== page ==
The president's relentless pursuit of bin Laden and the al Qaeda network is a significant accomplishment. It has transformed the post-9/11 world into one where counterterrorism efforts are important but not the sole driver of our national security policy. The fear doctrine of the previous administration, adopted by Obama's critics, has been replaced by a more optimistic outlook born of a successful counterterrorism strategy.
The pursuit of bin Laden, downplayed by Mitt Romney -- who said he would not "move heaven and earth" to get one terrorist, a naive approach -- transformed our national security interests on several levels. It cut the head off the snake, and it put al Qaeda affiliates on notice that the United States was not going to be deterred until the mission of eliminating them truly was accomplished. One of the most dangerous jobs in the world is to be in the upper echelons of al Qaeda leadership, because the United States keeps tracking them down and eliminating them.
The death of bin Laden should be celebrated instead of devolving into a debate over who deserves the credit. For those who question the president's leadership, they should remember his decision to go after bin Laden. The risks were considerable, and despite reservations from some key advisors, he did what he thought was right. He did what he thought was best for the American people. Today's Republicans too often have disdain for facts, especially when it comes to national security and the chain of command. Here are the facts. Adm. William McRaven, the man in charge of Special Operations Command, said publicly: "At the end of the day, make no mistake about it, it was the president of the United States that shouldered the burden … that made the hard decisions."
Obama pursued a coherent strategy with the three wars he inherited -- Iraq, Afghanistan, and against al Qaeda. He protected and promoted U.S. interests. He led the effort, ensuring success, working with our allies, traditional and nontraditional. His rhetoric was measured, his goals clear, and his implementation determined. This is in contrast to the more erratic approach of his predecessors.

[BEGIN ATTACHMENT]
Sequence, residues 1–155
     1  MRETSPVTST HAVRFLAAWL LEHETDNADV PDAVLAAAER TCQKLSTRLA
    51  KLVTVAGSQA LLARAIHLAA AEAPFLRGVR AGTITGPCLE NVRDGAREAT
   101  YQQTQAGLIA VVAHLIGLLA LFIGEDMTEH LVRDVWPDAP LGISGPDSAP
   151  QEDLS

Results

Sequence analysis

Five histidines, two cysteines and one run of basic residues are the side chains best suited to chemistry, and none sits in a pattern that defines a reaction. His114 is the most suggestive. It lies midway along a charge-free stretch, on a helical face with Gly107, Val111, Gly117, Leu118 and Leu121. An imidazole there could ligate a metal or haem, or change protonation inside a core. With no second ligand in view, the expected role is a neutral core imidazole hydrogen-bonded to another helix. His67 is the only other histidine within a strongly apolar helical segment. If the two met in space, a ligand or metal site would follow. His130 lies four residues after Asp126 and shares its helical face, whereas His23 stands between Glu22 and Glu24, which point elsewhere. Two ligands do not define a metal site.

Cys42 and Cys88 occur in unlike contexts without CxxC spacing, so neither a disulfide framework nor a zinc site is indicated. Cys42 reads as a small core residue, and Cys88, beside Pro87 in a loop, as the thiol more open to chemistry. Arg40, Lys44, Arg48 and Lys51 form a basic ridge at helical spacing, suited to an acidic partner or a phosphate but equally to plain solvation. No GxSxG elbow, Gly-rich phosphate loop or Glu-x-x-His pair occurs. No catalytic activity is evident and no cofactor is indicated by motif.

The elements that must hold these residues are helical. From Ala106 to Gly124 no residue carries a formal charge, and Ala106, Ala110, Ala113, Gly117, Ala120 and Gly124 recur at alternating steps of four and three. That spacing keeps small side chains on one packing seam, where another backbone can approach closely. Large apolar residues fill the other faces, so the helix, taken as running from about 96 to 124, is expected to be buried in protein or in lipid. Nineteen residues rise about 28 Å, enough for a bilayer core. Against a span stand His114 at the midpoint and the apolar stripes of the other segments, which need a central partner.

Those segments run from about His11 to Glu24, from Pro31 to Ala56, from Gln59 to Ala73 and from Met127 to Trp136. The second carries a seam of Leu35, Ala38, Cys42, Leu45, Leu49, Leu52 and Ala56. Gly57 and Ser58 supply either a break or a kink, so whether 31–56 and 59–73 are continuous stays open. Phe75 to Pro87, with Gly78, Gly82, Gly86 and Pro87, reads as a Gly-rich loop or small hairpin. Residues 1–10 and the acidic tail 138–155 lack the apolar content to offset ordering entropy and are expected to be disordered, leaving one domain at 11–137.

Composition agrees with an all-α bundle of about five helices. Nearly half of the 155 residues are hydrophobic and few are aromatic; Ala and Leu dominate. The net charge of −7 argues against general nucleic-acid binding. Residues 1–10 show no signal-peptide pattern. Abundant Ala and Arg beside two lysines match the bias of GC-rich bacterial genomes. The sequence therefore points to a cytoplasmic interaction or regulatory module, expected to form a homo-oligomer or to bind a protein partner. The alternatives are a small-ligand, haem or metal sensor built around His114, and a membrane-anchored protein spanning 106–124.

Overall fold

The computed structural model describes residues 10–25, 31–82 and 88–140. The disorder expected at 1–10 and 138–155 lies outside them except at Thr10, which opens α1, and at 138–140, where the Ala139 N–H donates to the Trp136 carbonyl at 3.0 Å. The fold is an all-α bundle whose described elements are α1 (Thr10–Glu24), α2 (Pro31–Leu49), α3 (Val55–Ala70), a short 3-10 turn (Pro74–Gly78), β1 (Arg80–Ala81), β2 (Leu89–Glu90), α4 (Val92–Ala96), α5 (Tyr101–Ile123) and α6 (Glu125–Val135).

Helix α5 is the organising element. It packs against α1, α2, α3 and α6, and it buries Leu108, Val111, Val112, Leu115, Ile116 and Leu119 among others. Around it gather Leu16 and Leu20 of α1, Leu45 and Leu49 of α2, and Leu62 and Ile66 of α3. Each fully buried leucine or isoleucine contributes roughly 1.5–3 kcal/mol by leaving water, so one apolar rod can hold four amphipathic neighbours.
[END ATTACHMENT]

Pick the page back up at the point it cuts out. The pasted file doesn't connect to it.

What's it all add up to? It's a blueprint for a foreign policy that proceeds in a steady and thoughtful manner, allowing its adherents to approach a more comprehensive and nuanced agenda, an agenda that promotes American interests -- a contrast with the new Republicans, whose main criteria for their foreign policy too often is that it fits into a sound bite. Ours is a model for leadership in national security that thinks before it acts, allowing us to respond constructively to the dramatic changes in the Middle East. It's a foreign policy that understands that most change in the world -- and certainly lasting change -- is homegrown and that we need to support those who share our values and work with those on whom the jury is still out. The path forward may not be easy, but it positions the United States to develop positive relationships with these nations as they forge a new path forward.
Democratic foreign policy as defined by Obama is not driven by a singular ideological point of view. It is based on a balance of interests and values and comprehensive understanding of foreign affairs, adopting policies appropriate to the situation, as the president did with Egypt and Tunisia and Libya. It is clear that the president has shown that when America is threatened or its vital national interests are at stake, he is willing to act unilaterally if necessary, as with the bin Laden raid.